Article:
3d printed house Photo: ContourCrafting

University of Southern California engineering professor Behrokh Khoshnevis says the construction industry is slow, inefficient, dangerous, unkind to the environment, costly and prone to corruption.

His solution? Let machines take over.

In a TED Talk presentation delivered earlier this year, Khoshnevis explains that 3D printers are capable of building a 2,500-square-foot building in just 20 hours for a fraction of conventional construction costs.

The layer-by-layer building process, known as Contour Crafting, would handle everything from laying down a concrete foundation to the installation of electrical and plumbing systems. Khoshnevis says machines could also handle tasks like tiling and painting. The only part of the process that would require a human touch would be the addition of windows and doors.

Khoshnevis explains that 3D printing technology is also capable of building architectural structures that are unique in form at no additional cost. He says Contour Crafting can be used to build entire neighborhoods to house people living in abject poverty, that are not only cost-effective, but aesthetically appealing as well.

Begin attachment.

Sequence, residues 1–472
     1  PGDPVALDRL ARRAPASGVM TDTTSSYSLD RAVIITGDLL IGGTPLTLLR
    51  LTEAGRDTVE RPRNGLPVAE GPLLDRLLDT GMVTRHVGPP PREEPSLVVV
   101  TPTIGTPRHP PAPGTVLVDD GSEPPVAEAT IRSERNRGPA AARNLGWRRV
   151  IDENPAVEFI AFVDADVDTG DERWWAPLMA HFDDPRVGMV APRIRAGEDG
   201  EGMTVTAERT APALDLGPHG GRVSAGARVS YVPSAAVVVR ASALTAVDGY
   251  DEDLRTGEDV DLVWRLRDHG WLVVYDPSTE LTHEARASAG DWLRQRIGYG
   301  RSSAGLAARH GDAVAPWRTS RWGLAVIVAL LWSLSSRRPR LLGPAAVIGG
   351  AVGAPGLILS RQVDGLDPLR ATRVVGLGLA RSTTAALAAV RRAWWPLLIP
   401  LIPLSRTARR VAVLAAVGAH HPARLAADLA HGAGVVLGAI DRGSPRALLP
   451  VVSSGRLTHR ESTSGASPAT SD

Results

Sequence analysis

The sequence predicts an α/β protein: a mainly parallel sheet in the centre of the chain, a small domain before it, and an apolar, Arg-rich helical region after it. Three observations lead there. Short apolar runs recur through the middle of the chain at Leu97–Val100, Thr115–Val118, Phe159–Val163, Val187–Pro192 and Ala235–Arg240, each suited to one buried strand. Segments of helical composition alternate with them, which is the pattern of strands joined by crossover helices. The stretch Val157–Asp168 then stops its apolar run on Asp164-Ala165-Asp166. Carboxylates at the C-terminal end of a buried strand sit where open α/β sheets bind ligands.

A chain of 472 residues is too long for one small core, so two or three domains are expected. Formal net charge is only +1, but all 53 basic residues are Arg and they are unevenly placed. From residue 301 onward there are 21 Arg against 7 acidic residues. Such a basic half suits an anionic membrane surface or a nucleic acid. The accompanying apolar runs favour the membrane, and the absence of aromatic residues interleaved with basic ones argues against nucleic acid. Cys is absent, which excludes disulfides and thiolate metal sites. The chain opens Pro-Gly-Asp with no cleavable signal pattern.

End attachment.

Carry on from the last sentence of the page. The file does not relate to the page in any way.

The major concern, of course, is the number of people who would lose their job if the construction industry was put into the cold, mechanical hands of robots. But Khoshnevis says 3D printing would create new jobs in the sector.

“Currently women and the elderly do not have much opportunity to work in the construction industry. But with new technologies like Contour Crafting, those groups of people would be able to be employed in the more creative activities of construction,” Khoshnevis says.

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